Karen Gettert Shoemaker, Author . Dufour $14.95 (160p) ISBN 978-0-8023-1337-9

The 16 stories in this debut collection offer a comprehensive look at pivotal events in the lives of women and girls in the rural Midwest. Shoemaker is at her best writing from the perspective of a child or an adolescent, particularly in "Playing Horses," a story in which a young girl filters the difficult experiences of her youth through her love of horses, and in "Dyanna's Face Reflected in Glass," in which an adolescent girl's jealousy of her best friend backfires when she gets raped by the friend's fiancé. The title tale offers a more poignant exploration of childhood issues, as a young girl struggles to talk her father into letting her go on a fishing trip with her older brothers. The stories with adult protagonists aren't quite as consistent, but there are still some fine moments, especially in "Crossings," in which a mother and daughter retreat to a lakeside cottage to face death together. Shoemaker's chief asset as a writer is her talent for observation and nuance, which she puts to especially good use when kids have to observe and interpret adult behavior. Though her one male narrator, who writes about his wife's death in a random shooting in "Orphans," is hollow and unconvincing, the rest of her stories are quietly accomplished. If they sometimes feel mannered, they are also crafted with care and grace. This book establishes Shoemaker as a talented chronicler of rural life and domestic gestures, with an eye for what's funny in grief, and what's sad in humor. (May 3)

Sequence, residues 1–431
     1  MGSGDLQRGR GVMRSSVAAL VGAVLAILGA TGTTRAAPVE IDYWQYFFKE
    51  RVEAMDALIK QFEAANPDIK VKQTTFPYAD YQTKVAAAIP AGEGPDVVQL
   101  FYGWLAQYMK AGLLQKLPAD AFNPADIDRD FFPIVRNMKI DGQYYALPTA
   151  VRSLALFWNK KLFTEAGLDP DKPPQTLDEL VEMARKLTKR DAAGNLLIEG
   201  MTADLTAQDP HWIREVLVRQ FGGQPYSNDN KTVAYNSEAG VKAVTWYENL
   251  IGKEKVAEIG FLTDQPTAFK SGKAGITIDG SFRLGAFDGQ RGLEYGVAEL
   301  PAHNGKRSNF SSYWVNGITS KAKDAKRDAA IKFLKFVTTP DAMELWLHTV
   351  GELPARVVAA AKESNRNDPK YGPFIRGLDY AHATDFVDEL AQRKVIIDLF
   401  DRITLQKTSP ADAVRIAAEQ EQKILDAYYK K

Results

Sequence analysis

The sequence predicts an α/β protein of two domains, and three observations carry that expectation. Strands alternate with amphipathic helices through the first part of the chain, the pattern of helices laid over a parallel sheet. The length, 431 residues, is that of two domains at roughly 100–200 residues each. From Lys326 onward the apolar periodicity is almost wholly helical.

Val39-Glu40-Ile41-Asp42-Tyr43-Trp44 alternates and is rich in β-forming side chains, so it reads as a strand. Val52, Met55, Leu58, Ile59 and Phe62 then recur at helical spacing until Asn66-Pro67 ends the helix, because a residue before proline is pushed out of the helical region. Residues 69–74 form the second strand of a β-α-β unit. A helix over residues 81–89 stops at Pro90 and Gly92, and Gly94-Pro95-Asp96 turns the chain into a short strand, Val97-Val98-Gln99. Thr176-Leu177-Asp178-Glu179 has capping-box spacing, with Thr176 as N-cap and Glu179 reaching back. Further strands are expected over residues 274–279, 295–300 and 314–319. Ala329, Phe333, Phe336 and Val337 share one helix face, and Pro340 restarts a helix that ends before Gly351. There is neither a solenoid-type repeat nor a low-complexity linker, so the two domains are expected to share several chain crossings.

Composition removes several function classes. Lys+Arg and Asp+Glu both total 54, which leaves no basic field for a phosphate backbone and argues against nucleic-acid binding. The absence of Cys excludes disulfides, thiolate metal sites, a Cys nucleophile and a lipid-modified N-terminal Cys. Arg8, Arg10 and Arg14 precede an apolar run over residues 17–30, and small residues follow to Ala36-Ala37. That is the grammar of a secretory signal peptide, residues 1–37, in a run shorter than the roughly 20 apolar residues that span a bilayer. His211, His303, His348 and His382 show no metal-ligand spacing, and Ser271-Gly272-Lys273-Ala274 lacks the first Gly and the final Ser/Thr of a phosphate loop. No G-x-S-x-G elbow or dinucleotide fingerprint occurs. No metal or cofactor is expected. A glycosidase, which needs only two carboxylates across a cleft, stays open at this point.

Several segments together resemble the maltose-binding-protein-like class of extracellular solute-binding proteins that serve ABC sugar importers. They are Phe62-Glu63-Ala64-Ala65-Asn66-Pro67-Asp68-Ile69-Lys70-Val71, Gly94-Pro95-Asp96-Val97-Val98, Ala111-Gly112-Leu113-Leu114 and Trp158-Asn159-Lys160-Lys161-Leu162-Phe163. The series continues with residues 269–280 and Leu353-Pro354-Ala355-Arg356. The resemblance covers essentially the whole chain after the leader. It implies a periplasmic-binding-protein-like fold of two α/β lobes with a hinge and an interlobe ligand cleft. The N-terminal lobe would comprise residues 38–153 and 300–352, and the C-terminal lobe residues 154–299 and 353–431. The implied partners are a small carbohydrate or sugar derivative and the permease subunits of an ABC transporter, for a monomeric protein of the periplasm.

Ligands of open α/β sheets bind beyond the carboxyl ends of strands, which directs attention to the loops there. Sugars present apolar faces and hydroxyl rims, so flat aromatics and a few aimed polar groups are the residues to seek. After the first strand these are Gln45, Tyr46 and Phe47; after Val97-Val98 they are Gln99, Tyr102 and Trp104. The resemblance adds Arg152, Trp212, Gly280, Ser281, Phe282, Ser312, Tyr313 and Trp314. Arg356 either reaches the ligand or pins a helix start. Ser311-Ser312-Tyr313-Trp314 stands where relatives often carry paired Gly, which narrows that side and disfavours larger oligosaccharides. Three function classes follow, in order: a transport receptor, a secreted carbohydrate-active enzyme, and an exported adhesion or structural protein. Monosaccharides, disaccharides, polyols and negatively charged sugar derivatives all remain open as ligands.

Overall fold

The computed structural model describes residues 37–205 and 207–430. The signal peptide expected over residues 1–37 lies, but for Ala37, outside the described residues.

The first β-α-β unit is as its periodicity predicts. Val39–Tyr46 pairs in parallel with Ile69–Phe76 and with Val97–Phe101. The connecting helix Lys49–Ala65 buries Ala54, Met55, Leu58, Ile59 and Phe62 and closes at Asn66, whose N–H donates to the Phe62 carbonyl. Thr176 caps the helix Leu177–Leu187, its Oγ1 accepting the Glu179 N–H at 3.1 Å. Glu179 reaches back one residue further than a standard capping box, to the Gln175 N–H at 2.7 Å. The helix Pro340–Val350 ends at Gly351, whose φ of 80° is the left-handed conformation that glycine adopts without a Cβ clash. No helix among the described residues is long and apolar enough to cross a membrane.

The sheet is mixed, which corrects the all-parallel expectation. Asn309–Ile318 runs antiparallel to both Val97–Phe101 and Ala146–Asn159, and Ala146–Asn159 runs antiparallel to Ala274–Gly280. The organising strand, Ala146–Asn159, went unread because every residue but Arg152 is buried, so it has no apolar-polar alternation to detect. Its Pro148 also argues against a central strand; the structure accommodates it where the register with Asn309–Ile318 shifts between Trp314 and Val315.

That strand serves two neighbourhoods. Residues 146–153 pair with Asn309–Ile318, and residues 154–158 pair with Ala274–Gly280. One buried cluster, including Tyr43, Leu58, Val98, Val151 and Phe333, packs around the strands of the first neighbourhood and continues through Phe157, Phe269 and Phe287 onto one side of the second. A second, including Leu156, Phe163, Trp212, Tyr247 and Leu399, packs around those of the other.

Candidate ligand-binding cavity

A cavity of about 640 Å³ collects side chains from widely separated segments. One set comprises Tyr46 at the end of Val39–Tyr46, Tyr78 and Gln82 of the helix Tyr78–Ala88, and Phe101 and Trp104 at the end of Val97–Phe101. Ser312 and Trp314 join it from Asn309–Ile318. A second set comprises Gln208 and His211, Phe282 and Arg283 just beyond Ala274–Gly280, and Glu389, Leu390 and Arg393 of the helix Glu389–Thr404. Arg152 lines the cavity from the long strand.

Reviewed on: 04/01/2002
Release date: 05/01/2002
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